Corey Kluber: Accidental Time Traveler – Part I

4 of 5

“So Mr. Blix, was it?”

Yes?” The man said distractedly, still not turning. He was pressing buttons on a small computer in his hand and pointing his flashing, humming ray gun at a panel beneath the seat of the machine where faint black smoke wafted.

“What, uh, what’s the plan here? I don’t imagine you meant to travel back to the time of the dinosaurs, and if I remember Jurassic Park correctly, this is prime T-Rex time. I’m not really looking to get eaten is all. You can understand that.”

“Mr. Kluber, I can assure you I did not mean for us to end up this far in the past, and I am working as swiftly as I can to calibrate the borer to get us back on track. The quantum stabilizer is out of whack and it is interfering with the Heisenberg compensator so we can’t achieve temporal equilibrium. As you can see, that’s an issue.”


“It shouldn’t be too much of an issue however, just give me a few minutes to reroute power from the reactor.” Blix was cheerful throughout the whole explanation. “All we’ll need is a splash of water in the fuel cell and we’ll be off.”

“Alright…” Kluber wasn’t too sure what just happened, the only word he picked up there was Heisenberg, and he was pretty sure Blix wasn’t talking about Breaking Bad.

Kluber left Blix to his work, anxious to get back to familiar surroundings but patient the man would have it set in no time. He strolled around the clearing, 30 feet from side to side like the last one, and got a better look at some of the plants. Really, not much different from some of the stuff he’d seen in swamps except everything, including the flowers, were just huge. He’d read somewhere it was because there was lots more carbon dioxide in the air. He supposed that made sense. Plants use it for food, maybe they ate more, got bigger. He glanced about him, seeing only Manafate in the clearing with him. Where had Jasper gotten off to?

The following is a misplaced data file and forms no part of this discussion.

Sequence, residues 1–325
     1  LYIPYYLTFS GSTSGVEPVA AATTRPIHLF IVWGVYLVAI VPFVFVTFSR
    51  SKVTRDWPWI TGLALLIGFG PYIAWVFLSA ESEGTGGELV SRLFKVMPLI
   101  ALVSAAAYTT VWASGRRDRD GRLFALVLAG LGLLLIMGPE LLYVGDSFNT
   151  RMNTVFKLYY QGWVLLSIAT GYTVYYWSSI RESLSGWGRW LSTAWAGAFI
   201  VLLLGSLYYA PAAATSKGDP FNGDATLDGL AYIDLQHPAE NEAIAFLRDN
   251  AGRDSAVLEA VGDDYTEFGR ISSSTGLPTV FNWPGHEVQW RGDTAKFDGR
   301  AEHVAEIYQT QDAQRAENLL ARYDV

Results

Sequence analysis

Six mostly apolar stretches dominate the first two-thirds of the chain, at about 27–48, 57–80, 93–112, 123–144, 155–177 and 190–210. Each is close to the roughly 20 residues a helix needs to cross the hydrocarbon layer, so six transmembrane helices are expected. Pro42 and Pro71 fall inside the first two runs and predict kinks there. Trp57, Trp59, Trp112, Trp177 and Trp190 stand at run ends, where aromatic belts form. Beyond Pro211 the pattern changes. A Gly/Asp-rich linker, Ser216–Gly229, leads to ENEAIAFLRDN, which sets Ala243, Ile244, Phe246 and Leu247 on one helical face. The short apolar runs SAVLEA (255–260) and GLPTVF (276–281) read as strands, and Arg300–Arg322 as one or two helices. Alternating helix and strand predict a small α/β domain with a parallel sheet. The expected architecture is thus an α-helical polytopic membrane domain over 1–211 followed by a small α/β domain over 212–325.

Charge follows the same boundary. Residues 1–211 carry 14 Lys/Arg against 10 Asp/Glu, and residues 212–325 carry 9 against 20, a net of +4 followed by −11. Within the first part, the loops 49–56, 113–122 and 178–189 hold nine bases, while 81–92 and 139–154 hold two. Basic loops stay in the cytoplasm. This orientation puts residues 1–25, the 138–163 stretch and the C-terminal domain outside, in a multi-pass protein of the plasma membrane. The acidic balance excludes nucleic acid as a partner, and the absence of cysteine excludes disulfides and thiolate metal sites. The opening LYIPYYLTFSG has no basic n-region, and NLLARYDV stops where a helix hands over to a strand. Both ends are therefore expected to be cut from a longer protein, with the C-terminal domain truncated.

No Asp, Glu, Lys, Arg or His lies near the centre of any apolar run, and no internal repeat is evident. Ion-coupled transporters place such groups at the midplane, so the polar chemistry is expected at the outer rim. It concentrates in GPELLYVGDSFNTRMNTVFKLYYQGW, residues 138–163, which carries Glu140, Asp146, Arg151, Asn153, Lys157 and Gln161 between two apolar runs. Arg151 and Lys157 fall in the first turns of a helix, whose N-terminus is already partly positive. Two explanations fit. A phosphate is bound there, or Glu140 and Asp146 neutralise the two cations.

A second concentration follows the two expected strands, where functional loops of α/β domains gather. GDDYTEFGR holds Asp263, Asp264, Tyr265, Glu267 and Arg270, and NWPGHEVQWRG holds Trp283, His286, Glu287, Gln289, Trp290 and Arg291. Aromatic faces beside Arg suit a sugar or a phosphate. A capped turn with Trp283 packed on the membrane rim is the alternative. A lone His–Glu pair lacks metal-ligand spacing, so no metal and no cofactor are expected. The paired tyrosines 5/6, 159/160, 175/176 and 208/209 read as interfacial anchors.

“Here boy!” Kluber clapped twice, looking around for the dog. He couldn’t have gotten far. Famous last words, Kluber thought. This was the time of velociraptors and that thing that blinded Nedry he was pretty sure. Bad news for a curious dog like Jasper.

Mister, uh, Manafate?” he called. “How long you think you’re going to be fixing that thing?” The scientist was hunched over the machine, pressing buttons on his handheld and the control panels in turn..

“Oh, shouldn’t be too long,” Blix said without turning. “These things can be a bit finicky, but it’s nothing a little elbow lubricant can’t fix, as they say,” he chuckled at this.

Jun 16, 2013; Cleveland, OH, USA; Cleveland Indians starting pitcher Corey Kluber (28) delivers against the Washington Nationals at Progressive Field. Cleveland won 2-0. Mandatory Credit: David Richard-USA TODAY Sports

“Alright, I’m going to go find my dog, he’s wandered off somewhere, can’t have gotten too far. It’s not dangerous or anything, is it? A dino isn’t going to eat me or anything, right?” The scientist paused at this, then straightened and turned. A faint grin again sat on his face.